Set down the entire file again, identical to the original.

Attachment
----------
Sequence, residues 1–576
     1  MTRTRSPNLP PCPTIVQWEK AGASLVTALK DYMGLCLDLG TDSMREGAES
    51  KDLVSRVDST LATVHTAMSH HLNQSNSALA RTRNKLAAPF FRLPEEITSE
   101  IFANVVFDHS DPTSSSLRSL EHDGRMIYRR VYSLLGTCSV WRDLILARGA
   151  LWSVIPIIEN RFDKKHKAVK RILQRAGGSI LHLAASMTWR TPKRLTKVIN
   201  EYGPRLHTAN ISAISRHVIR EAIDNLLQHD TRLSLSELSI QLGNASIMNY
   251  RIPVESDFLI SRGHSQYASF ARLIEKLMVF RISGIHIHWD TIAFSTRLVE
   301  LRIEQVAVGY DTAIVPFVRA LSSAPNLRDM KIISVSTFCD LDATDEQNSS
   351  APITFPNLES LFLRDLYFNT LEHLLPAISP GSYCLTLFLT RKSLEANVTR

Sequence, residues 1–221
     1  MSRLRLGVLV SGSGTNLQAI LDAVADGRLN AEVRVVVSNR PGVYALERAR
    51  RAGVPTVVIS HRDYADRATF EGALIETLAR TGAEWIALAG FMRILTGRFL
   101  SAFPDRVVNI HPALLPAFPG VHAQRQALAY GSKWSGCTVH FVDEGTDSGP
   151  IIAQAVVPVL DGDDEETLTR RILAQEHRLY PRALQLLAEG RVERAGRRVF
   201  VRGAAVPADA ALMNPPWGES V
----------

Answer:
Sequence, residues 1–576
     1  MTRTRSPNLP PCPTIVQWEK AGASLVTALK DYMGLCLDLG TDSMREGAES
    51  KDLVSRVDST LATVHTAMSH HLNQSNSALA RTRNKLAAPF FRLPEEITSE
   101  IFANVVFDHS DPTSSSLRSL EHDGRMIYRR VYSLLGTCSV WRDLILARGA
   151  LWSVIPIIEN RFDKKHKAVK RILQRAGGSI LHLAASMTWR TPKRLTKVIN
   201  EYGPRLHTAN ISAISRHVIR EAIDNLLQHD TRLSLSELSI QLGNASIMNY
   251  RIPVESDFLI SRGHSQYASF ARLIEKLMVF RISGIHIHWD TIAFSTRLVE
   301  LRIEQVAVGY DTAIVPFVRA LSSAPNLRDM KIISVSTFCD LDATDEQNSS
   351  APITFPNLES LFLRDLYFNT LEHLLPAISP GSYCLTLFLT RKSLEANVTR

Sequence, residues 1–221
     1  MSRLRLGVLV SGSGTNLQAI LDAVADGRLN AEVRVVVSNR PGVYALERAR
    51  RAGVPTVVIS HRDYADRATF EGALIETLAR TGAEWIALAG FMRILTGRFL
   101  SAFPDRVVNI HPALLPAFPG VHAQRQALAY GSKWSGCTVH FVDEGTDSGP
   151  IIAQAVVPVL DGDDEETLTR RILAQEHRLY PRALQLLAEG RVERAGRRVF
   201  VRGAAVPADA ALMNPPWGES V